Many of us find ambition to be a virtue; our parents tried to instill the quality in us since grade school and today, we try to convince others we have enough of it to be worthy of all the things we want.
But is there such thing as too much ambition?
Stress and anxiety could be a result of too much expectation and too much ambition spurred by too much pressure we put on ourselves, and when we don’t fulfill our expectations or achieve our ambitions, frustration often ensues. But if you think about it, setting expectations that are too high is a self-centered attitude to begin with. Like, “I want this” or “I’m getting that”. Maybe we’re not actually realistic about our own abilities or about the objective reality to begin with and if we have a clear concept of our capacity, we can be more realistic about our efforts. There’s a familiar saying out there about aspirations and the gist of it is “shoot for the moon, so that even if you miss you’ll land amongst the stars.” But why shoot for the moon if it’s seems so simple to just accept the result of landing in the stars anyway? If shooting for the moon is beyond your capacity, shoot for the stars instead. You’ll still be able to demonstrate your ambition without the stress and anxieties of an unrealistic end-goal. And who knows, once you hit the stars in their bulls-eyes, you’ve broadened your ambitions and shooting for the moon is in your capacity.
It might be all of the getting and grasping that we see as major ambitions in modern life that is misguided. The belief that more is better might actually be a recipe for stress, frustration, and ultimately dissatisfaction.
It’s really a question of priorities. What is really worth pursuing? What do we really need? When we see how little we actually need, all the getting and grasping we thought was so essential to our well-being takes a backseat — where it belongs — and no longer becomes the osbession.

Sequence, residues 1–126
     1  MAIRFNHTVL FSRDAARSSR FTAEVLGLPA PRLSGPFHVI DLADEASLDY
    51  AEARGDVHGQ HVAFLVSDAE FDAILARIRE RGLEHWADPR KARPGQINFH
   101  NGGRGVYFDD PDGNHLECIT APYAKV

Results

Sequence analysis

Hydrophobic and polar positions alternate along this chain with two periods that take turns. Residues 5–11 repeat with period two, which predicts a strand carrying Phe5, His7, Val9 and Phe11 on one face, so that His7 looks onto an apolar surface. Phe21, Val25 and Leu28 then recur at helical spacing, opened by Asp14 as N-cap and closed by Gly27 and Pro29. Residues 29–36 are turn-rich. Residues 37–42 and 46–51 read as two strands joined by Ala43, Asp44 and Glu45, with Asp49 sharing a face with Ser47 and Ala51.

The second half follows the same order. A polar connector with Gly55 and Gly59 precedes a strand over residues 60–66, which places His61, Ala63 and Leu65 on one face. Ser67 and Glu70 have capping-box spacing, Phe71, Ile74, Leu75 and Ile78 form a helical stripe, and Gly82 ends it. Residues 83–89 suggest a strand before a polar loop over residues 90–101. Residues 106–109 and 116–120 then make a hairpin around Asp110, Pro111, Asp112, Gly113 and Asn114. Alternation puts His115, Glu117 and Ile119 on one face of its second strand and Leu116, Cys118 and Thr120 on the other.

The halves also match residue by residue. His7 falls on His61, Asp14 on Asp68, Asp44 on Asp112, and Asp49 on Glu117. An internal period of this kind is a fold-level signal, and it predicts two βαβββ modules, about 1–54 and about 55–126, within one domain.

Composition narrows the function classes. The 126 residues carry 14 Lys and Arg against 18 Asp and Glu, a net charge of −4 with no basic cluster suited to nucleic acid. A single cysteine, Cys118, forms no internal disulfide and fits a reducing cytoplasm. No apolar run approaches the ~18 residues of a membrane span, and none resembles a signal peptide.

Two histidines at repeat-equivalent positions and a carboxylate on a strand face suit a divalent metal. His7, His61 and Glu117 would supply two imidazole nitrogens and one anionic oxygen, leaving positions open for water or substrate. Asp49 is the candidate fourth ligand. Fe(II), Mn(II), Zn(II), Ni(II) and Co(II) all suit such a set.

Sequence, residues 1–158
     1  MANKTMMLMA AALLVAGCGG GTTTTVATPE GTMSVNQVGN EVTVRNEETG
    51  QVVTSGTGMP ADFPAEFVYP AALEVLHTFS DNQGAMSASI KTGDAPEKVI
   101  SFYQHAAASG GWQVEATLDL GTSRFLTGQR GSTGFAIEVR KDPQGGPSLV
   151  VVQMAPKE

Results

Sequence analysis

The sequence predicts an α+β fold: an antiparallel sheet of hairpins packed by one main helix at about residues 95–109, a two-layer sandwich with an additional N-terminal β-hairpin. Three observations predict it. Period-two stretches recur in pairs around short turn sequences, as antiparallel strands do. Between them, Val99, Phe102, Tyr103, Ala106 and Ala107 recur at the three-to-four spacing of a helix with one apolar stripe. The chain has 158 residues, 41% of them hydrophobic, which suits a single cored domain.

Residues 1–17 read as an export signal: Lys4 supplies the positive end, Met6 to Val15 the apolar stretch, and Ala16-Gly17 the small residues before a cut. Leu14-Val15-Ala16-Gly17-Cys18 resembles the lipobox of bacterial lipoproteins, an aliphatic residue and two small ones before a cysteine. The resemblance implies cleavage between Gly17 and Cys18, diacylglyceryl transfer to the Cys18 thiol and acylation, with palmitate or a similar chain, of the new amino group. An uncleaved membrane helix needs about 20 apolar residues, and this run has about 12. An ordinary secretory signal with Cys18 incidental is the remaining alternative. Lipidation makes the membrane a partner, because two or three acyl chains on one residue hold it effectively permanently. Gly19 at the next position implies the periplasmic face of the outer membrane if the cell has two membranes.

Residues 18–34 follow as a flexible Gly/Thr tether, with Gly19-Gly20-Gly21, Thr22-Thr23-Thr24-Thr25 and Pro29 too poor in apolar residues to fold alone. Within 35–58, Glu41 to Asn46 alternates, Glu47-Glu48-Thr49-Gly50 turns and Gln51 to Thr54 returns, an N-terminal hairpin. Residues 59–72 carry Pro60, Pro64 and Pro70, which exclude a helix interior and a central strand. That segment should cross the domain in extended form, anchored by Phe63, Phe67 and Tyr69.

We need to consciously decide to not get swept up by the modern trances of how we live; it’s just a revolving door of anxiousness and repetitive stress. Instead of being in the present to enjoy the settled state of being, we find ourselves chasing time. We need to give this joyful state the space it needs to saturate and grow. In turn, it will give us an elevated sense of peace.
All this isn’t to say that it’s silly to chase your dreams; that your aspirations will only cause you stress, frustration, and lead you to an unhappy life. This is to remind you to reevaluation the pressures we place on ourselves from the expectations and ambitions society has defined for us. I, for one, certainly need to revisit my dreams. I need reconsider some of the ambitions I’ve challenged myself and relieve some of the expectations I’ve placed on myself for myself.
So be a dreamer everyday but rather than striving for the modern wants and needs of the world, strive for love and connection for others. Shoot for the stars you can achieve daily — the ones that allow you to thrive in the present — and before you know it, only the moon will be left.
And suddenly, the moon’s not so unrealistic anymore.
DAY 11. Love Ro